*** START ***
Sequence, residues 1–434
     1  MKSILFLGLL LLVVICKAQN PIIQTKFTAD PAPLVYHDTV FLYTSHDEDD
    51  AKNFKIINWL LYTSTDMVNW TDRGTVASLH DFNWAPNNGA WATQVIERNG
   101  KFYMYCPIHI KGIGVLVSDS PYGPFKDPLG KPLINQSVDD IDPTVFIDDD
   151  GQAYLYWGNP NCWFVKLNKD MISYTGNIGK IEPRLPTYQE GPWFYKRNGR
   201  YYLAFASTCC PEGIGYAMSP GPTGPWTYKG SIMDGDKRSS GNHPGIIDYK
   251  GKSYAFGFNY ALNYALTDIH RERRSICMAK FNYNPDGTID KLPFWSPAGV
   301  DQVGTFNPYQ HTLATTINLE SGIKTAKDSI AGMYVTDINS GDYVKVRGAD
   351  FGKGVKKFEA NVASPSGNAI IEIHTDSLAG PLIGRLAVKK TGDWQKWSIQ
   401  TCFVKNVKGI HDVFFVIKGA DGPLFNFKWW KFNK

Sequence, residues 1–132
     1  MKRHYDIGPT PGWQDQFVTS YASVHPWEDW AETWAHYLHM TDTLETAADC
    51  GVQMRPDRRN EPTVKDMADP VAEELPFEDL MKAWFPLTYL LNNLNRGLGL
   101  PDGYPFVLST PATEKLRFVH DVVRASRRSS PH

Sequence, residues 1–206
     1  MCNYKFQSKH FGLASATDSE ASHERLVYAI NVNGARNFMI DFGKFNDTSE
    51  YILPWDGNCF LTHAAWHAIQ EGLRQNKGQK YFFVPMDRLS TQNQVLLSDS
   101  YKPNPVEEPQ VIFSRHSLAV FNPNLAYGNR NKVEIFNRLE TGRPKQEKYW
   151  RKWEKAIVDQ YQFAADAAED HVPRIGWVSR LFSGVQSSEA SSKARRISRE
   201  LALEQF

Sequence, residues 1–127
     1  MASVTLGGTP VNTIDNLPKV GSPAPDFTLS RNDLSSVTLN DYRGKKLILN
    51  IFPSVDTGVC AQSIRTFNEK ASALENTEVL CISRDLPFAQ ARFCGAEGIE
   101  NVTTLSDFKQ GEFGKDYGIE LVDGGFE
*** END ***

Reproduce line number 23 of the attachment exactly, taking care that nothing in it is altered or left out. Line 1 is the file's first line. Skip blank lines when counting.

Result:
    51  IFPSVDTGVC AQSIRTFNEK ASALENTEVL CISRDLPFAQ ARFCGAEGIE